My life has been colored by anxiety and depression.
It took years of struggle and cumulative growth for me to overcome not only the anxiety, but also the critical and negative spirit that I learned while growing up. While every person is different, I believe the lessons I learned along the way can help others win over anxiety and depression, too.
The first step toward healing came when I accepted Christ as my Savior at the age of seventeen. I do not exaggerate when I say that all the bottled up anger and unforgiveness in my heart was lifted that day. In its place, God filled my heart with such love for each member of my family. If God could forgive me of all my sins, I could no longer refuse to forgive others. I was able to let go of past wrongs, real or imagined. When I look back on my life some forty years later, I know that without Christ’s transforming power in my life I would have become a bitter, lonely person. My life would have been a shadow of what it is today.
Marriage to my high school sweetheart brought all the typical challenges newlyweds face, and more. Those first years were rough as my high expectations and unwillingness to compromise made it especially difficult for my husband. Opposites do attract, and he was as easy-going as I was uptight and anxious. I thank God every day for bringing my husband into my life. His gentle spirit and unconditional love covered me even when I was at my most unlovable. Our marriage is a testament to God’s grace in our lives. The lessons learned from my husband are many: unconditional love; no one is perfect; value each person for their unique traits; say “I love you” every day; don’t be so hard on yourself and others; forgive, forgive and forgive some more.
The birth of our first child brought me outside of myself in a way that nothing else ever had. For the first time I had someone else totally dependent on me. It caused me to quit worrying about myself and put someone else first. One of the hard truths of anxiety is that you are wrapped up in thinking about yourself all the time. Having children caused me to set aside my own selfish worries and care for the needs of my children. I learned life wasn’t all about me. It caused me to grow up. I purposed in my heart that I would learn to parent my children without the negative and critical nature that came so easily to me. I wanted to be a better person for my children.
In the years that followed, we were blessed to attend several churches with wonderful pastors and teachers. As I grew in my relationship with Christ, God began to change my heart and my thought patterns. We listened to Christian radio and read many books on parenting and marriage. We prayed individually, as a couple and as a family.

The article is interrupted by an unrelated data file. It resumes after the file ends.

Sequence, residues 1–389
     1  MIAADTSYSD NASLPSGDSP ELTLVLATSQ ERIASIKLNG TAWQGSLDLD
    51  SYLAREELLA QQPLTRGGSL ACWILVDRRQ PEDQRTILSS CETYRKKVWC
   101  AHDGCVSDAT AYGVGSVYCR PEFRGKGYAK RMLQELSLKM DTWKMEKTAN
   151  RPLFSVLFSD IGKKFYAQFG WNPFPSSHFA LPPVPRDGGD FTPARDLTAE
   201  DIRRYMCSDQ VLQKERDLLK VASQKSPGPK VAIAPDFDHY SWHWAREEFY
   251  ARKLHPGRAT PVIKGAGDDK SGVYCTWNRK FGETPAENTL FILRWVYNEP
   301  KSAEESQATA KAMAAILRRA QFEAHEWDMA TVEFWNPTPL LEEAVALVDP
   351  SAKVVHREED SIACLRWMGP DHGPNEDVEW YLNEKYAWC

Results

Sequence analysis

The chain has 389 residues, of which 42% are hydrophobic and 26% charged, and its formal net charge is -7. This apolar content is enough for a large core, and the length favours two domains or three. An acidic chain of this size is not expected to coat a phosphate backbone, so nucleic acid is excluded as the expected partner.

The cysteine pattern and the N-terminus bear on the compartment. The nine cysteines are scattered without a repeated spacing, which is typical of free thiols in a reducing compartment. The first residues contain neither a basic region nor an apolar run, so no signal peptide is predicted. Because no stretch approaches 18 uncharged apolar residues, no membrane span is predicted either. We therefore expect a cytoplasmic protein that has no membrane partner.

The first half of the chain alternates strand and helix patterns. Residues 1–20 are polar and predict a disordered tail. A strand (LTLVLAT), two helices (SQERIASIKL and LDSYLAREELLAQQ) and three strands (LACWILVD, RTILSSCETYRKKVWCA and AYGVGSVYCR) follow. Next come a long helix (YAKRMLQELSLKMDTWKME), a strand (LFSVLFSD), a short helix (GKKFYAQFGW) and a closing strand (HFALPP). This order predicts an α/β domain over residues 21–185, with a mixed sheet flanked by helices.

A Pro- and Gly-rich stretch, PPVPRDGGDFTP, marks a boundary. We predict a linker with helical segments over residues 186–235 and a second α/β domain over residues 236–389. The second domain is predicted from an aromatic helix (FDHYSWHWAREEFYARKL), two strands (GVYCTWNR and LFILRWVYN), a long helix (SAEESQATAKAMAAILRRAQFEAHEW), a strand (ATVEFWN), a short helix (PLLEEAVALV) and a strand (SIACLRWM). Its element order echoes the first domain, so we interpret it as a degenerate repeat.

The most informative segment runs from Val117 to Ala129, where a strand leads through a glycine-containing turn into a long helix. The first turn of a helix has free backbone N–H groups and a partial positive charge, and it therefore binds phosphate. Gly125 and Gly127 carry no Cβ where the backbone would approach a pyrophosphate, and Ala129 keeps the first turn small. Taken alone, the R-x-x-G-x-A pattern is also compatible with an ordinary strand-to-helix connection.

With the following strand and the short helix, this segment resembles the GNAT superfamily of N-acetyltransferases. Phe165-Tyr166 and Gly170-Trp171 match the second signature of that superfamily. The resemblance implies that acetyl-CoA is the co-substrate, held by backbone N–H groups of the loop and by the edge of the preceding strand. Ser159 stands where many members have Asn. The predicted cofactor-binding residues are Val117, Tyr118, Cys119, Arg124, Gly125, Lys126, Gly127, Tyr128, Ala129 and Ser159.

Medication became a part of the healing process after a devastating loss that I could not seem to recover from on my own. I was hesitant to take medication (a typical response for someone who suffers from anxiety), but my doctor explained that my brain was not producing a chemical it needed. She advised my need for the anti-depressant medication was no different than a diabetic needing insulin. I took the medication for a year or so and saw improvement in my ability to deal with the stress and anxiety of life. Again, as typical of someone with anxiety, I wanted to quit taking the medication as soon as I saw improvement. When I asked my family if they thought that was a good idea, I got a resounding “No!”. ( I love my family for being honest with me.) I continue to take the medication today.
I made lots of mistakes, but I learned to ask forgiveness and move on. I didn’t have to try to be perfect anymore. I even learned to laugh at myself, which is a sign of true healing from perfectionism. And, something amazing began to happen.
When I no longer had to be perfect, I began to be able to express my creative side. The shy, introverted person who at one point couldn’t look people in the eye began to reach out to others in social situations. It wasn’t anything I did, it was all a response to the great love God showed to me and compelled me to show to others.
I try not to look back and think of all the opportunities that passed me by while I let those destructive emotions rule my heart. There is no sense in fretting over something that you can’t change. My goal is simply to live life to the fullest.
If you are struggling with anxiety and depression, don’t give up! You can win the battle.
I would love to hear from anyone who has struggled with anxiety and/or depression and what has worked for you.